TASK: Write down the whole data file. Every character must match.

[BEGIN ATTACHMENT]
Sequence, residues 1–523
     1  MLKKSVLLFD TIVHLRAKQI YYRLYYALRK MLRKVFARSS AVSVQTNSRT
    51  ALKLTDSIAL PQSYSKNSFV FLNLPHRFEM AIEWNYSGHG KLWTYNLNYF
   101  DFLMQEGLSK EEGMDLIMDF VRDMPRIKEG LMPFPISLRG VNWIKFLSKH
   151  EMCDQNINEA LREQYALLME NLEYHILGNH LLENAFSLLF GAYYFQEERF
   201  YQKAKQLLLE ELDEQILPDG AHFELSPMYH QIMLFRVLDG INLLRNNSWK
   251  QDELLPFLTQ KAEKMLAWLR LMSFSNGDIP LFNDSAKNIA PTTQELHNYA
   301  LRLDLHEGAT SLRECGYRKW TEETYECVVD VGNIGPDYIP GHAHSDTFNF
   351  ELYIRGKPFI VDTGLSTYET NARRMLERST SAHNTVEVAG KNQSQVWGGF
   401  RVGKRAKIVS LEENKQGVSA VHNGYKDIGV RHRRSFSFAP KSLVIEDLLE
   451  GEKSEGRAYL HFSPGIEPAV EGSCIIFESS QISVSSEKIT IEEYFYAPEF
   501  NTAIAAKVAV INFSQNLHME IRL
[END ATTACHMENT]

Sequence, residues 1–523
     1  MLKKSVLLFD TIVHLRAKQI YYRLYYALRK MLRKVFARSS AVSVQTNSRT
    51  ALKLTDSIAL PQSYSKNSFV FLNLPHRFEM AIEWNYSGHG KLWTYNLNYF
   101  DFLMQEGLSK EEGMDLIMDF VRDMPRIKEG LMPFPISLRG VNWIKFLSKH
   151  EMCDQNINEA LREQYALLME NLEYHILGNH LLENAFSLLF GAYYFQEERF
   201  YQKAKQLLLE ELDEQILPDG AHFELSPMYH QIMLFRVLDG INLLRNNSWK
   251  QDELLPFLTQ KAEKMLAWLR LMSFSNGDIP LFNDSAKNIA PTTQELHNYA
   301  LRLDLHEGAT SLRECGYRKW TEETYECVVD VGNIGPDYIP GHAHSDTFNF
   351  ELYIRGKPFI VDTGLSTYET NARRMLERST SAHNTVEVAG KNQSQVWGGF
   401  RVGKRAKIVS LEENKQGVSA VHNGYKDIGV RHRRSFSFAP KSLVIEDLLE
   451  GEKSEGRAYL HFSPGIEPAV EGSCIIFESS QISVSSEKIT IEEYFYAPEF
   501  NTAIAAKVAV INFSQNLHME IRL